Is there ever a case when the use of \begingroup is preferred to \bgroup? Obviously, \bgroup is necessary in cases where you need to have balanced braces and thus cannot use {, but when is it necessary to use \begingroup?

A related question would be: What's the difference between a simple group and a semi-simple group?

2 Answers 2


\bgroup is a synonym for {, which is defined in Plain TeX using \let\bgroup={.

It interacts with TeX's "digestive system" in hairy ways: {s and \bgroups start the same sort of groups, called simple groups, and each can be terminated with either }s or \egroups, since they are the same. But when the TeX digestive system encounters them, they are of different catcodes, so commands that look ahead, e.g., in LaTeX with \section\bgroup Title}, can break this matching.

\begingroup is different. It is a TeX primitive, and it matches a different sort of group that TeX accounts for separately, called "semi-simple groups" (a Knuth joke, I assume). Thus a \begingroup must be terminated by an \endgroup, not a }, and vice versa for \endgroup.

I generally avoid \bgroup, and use \begingroup, but \bgroup could be useful if you are messing about with a nested token list.

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    \begingroup...\endgroup also behaves differently in math mode, in which {...} or \bgroup...\egroup create a subformulae with different spacing. A good rule of thumb would be to avoid using \bgroup...\egroup unless you know you need them. Commented Aug 18, 2010 at 10:05
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    I don't know exactly how they behave so my preference goes this way use {} when it works, otherwise \begingroup \endgroup.
    – Leo Liu
    Commented Aug 18, 2010 at 14:15
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    Will is right: I'd strongly favour \begingroup ... \endgroup.
    – Joseph Wright
    Commented Aug 18, 2010 at 18:35
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    Apart from Will Robertson comment, the answer is a little vague (or may be I don't understand). You only said that they are different, but not really the reasons why it is, and the consequences it has to use one or other in different occasions (where the difference is relevant). Could you expand your answer a little bit?
    – Manuel
    Commented May 6, 2014 at 10:00
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    @Manuel I think that adding some examples would be the right way to communicate the differences. I'll add something in due course. Commented Jun 27, 2014 at 10:32

I have a little bit different opinion about \bgroup versus \begingroup than the previous answer. First, I give a short explanation about TeX internals:

The { and } (more exactly the tokens with catcode 1 and 2) have four different meanings in TeX:

  • they are the syntactic part of macro definitions: \def\foo...{...}

  • each sequence of tokens scanned as single token list in TeX (i.e. in the parameter of a macro, inside macro definitions...) have to be balanced text by these tokens: \macro{param{e}ter}.

  • they are a part of several TeX primitive constructions, for example \hbox...{...}, $e^{...}$, \write...{...}.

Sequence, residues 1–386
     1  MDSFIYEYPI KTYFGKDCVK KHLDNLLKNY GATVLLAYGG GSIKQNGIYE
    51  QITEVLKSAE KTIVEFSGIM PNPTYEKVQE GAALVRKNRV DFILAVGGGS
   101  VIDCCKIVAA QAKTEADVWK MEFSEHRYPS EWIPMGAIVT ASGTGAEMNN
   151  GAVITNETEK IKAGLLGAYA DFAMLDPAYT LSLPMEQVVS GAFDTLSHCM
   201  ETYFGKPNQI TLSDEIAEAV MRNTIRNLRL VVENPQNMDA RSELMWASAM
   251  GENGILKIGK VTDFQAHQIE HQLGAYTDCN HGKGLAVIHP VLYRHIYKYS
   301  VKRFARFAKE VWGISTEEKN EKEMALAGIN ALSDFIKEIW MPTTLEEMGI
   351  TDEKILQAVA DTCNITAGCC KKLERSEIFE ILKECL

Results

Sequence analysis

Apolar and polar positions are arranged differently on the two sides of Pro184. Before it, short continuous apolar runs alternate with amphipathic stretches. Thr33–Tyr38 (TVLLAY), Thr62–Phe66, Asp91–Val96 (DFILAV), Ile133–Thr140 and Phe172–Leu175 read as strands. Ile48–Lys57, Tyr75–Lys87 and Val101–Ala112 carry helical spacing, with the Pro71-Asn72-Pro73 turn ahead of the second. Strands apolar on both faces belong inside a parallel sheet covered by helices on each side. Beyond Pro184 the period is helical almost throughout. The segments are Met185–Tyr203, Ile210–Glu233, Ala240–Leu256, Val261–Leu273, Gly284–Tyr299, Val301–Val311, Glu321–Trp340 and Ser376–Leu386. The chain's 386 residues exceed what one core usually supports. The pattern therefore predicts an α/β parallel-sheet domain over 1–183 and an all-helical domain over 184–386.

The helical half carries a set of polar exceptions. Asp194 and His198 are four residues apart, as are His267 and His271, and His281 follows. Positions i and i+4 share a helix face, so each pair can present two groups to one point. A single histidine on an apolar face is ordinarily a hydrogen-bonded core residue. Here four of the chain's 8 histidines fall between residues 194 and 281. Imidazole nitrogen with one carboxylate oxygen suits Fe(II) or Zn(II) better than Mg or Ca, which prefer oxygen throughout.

• when they are used without any context mentioned above they open and close the group.

The \bgroup and \egroup are declared by \let\bgroup={ \let\egroup=} and you can replace { and } by \bgroup and \egroup only in the third and fourth meaning mentioned above. For example:

\hbox ... \bgroup ...}
\hbox ... {...\egroup
\hbox ... \bgroup ...\egroup
$e^\bgroup ...}$, $e^\bgroup...\egroup$
\write ...\bgroup ...}

The last line in the example is another exception: you canot replace the closing brace by \egroup if the syntactic rule <general text> (like in \write parameter) is applied.

The \bgroup and \egroup without the context mentioned in the third meaning above open and close a group. The same work do primitive commands \begingroup and \endgroup but only this work. They cannot be used instead of { and } in the first to third meaning mentioned above.

This means that always you can use \begingroup and \endgroup, it is possible to use \bgroup and \egroup with the same effect. But the nested groups have to be terminated by the appropriate counterpart, they cannot be crossed. And in math mode, there is a little bit different behavior, see comments.

I am preferring \bgroup and \egroup instead \begingroup and \endgroup. Only, if I see that the nested group crossing error would be usable for users of my macros then I use \begingroup and \endgroup.

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    Not the same effect: \begingroup...\endgroup and {...} in math mode give different results.
    – egreg
    Commented Jul 15, 2014 at 8:27
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    Of course, because {...} used in math mode is used in the third type of meanings mentioned above not the fourth. I.e they consists the math subformula. They begins and ends the group in math mode as a side effect, \hbox does the same side effect.
    – wipet
    Commented Jul 15, 2014 at 8:32
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    You say “whereever you can use \begingroup and \endgroup it is possible to use \bgroup and \egroup with the same effect”, which is not true. ;-)
    – egreg
    Commented Jul 15, 2014 at 8:35
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    To sum up, the only feature of using \begingroup and \endgroup at all in TeX is their “transparency” in math mode. I had always thought they where something more (say more important, more relevant, more useful…).
    – Manuel
    Commented Jul 15, 2014 at 13:16

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